The media's portrayal of women, McDonald's hot coffee, Christian music featured in film this fall

By Janel Shoun on 10/19/2011

   
   

Nov. 30
HumanDocs Film Series presents Hot Coffee
8:30 p.m., Ward Hall
Free and open to the public

 
The HumanDocs Film Series, hosted by the College of Arts and Sciences at Lipscomb University will host a free public screening of Hot Coffee, at 8:30 p.m. in Ward Hall.
 
This film explores how Americans scoffed at the famous hot coffee lawsuit against McDonald's, laughing off the case as simply another example of a litigation-obsessed society. Now, 15 years later, Hot Coffee asks why the case -- if so frivolous -- garnered so much attention and what that steaming cup of coffee really did.

Seinfeld mocked it. Letterman ranked it in his top ten list. And more than fifteen years later, its infamy continues. Everyone knows the McDonald’s coffee case. It has been routinely cited as an example of how citizens have taken advantage of America’s legal system, but is that a fair rendition of the facts? Hot Coffee reveals what really happened to Stella Liebeck, the Albuquerque woman who spilled coffee on herself and sued McDonald’s, while exploring how and why the case garnered so much media attention, who funded the effort and to what end. After seeing this film, you will decide who really profited from spilling hot coffee.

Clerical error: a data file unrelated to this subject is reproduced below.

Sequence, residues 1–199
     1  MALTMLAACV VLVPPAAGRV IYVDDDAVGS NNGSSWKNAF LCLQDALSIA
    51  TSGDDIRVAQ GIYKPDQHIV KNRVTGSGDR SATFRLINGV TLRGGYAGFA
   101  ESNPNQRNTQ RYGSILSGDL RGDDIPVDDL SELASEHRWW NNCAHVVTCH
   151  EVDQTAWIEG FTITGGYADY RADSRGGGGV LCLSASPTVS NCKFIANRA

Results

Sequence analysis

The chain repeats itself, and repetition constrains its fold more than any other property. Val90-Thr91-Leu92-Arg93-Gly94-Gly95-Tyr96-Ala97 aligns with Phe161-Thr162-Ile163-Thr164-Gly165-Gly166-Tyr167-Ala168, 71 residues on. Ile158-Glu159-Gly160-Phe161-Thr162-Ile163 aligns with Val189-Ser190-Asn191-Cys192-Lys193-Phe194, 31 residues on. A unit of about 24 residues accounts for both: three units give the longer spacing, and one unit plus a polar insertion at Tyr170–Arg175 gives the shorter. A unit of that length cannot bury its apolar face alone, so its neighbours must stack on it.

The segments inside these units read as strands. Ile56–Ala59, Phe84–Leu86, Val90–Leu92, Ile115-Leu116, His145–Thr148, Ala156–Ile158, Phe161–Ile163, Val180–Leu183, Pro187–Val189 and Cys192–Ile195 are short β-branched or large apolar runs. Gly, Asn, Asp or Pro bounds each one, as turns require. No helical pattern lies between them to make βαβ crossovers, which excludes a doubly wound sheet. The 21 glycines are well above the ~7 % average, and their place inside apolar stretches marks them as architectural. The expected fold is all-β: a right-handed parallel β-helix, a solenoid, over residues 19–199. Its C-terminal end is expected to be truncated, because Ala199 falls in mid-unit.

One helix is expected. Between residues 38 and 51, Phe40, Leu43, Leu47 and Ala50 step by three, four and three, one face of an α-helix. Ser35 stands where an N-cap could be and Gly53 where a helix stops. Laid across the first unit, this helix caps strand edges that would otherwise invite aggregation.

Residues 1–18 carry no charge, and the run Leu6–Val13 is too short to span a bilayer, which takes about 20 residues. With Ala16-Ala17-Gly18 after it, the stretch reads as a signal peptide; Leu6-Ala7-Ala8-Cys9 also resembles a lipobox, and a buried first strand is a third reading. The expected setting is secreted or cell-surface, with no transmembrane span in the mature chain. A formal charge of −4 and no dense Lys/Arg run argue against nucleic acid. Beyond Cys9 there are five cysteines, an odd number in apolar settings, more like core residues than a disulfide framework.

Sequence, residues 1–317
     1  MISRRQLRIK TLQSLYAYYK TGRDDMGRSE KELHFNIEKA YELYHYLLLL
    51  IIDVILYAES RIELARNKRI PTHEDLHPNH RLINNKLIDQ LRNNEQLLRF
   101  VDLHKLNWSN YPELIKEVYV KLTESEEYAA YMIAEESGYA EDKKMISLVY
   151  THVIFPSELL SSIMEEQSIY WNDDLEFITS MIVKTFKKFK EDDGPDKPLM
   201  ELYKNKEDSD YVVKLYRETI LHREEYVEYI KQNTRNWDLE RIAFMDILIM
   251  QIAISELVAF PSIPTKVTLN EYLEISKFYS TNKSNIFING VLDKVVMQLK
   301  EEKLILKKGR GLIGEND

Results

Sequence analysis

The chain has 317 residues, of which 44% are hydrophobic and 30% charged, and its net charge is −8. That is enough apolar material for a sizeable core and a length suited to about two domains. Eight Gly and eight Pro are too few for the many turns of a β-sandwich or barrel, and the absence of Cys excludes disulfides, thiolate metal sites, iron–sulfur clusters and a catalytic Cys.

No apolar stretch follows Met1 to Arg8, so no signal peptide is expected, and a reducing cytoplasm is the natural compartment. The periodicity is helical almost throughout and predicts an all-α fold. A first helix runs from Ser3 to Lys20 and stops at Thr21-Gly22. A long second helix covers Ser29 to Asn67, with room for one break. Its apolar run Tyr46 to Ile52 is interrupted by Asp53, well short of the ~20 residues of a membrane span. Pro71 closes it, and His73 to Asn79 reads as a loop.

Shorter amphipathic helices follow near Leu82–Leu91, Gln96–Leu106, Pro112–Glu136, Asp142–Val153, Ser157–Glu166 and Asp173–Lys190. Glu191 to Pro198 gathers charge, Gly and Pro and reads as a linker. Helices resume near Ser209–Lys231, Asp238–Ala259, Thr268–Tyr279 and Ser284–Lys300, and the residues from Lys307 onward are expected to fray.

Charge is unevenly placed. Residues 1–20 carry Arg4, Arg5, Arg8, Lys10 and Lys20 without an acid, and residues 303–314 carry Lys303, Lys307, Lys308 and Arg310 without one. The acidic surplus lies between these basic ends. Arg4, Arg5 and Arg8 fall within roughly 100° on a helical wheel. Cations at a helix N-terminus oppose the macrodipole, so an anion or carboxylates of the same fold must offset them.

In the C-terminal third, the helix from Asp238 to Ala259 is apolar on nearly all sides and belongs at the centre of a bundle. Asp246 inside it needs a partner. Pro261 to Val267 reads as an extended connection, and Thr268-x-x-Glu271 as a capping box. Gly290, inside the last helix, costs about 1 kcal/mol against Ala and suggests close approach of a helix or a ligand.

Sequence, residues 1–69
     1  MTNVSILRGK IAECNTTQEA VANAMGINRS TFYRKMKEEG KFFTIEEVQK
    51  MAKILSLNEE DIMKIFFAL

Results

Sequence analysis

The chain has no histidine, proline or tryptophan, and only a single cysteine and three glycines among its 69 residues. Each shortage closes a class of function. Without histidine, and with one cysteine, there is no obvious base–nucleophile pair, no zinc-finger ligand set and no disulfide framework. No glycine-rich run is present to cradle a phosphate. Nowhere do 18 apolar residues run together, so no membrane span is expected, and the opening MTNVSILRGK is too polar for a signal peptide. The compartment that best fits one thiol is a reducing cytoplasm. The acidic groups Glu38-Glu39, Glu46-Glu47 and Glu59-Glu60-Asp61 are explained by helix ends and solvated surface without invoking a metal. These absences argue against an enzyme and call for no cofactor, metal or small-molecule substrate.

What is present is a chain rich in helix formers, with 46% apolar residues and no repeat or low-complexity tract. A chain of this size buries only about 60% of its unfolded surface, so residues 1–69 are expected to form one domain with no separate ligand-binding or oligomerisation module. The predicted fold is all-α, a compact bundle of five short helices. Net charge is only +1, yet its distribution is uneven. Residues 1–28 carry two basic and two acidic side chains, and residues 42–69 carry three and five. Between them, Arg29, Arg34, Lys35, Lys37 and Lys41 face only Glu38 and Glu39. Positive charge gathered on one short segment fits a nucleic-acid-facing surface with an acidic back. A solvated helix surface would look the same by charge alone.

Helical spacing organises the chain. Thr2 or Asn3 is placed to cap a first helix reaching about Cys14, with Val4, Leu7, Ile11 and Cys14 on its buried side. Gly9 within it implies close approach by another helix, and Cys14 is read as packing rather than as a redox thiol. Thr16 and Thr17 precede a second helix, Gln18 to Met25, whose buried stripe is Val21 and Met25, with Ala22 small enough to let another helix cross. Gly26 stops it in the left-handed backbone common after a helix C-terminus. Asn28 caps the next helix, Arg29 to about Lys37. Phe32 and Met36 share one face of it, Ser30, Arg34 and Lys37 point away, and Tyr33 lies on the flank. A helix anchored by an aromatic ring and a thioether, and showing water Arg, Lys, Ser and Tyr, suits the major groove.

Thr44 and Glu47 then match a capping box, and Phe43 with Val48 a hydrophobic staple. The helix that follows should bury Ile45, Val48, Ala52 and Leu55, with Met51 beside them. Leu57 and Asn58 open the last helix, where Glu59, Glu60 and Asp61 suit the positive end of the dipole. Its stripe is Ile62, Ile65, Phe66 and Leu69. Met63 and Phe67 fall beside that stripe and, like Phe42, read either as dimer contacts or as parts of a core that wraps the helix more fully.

HumanDocs is a social-justice documentary series that aims to create a more just, peaceful and inclusive university and city. The showing of Hot Coffee is presented by partners Nashville Public Television, the Nashville Film Festival, The Lipscomb University College of Business and the Dean Institute for Corporate Governance and Integrity.

For more information please contact Ted Parks at 966.6616 or ted.parks@lipscomb.edu

 

 Other Films This Fall

 

Director Jennifer Siebel Newsom (right) with a fellow Miss Rep filmmaker
Lipscomb University’s College of Arts and Sciences and the HumanDocs Film Series hosted in October two on-campus screenings of the documentary film Miss Representation, which explores how the media’s misrepresentation of women has led to the underrepresentation of women in positions of power and influence.
 
Additional films shown on campus by the College of Arts and Sciences this fall included Pray the Devil Back to Hell in September and in November Steve Taylor is Not Dead, about the life of the Christian music pioneer, filmmaker and producer for such bands as Sixpence None the Richer and Newsboys.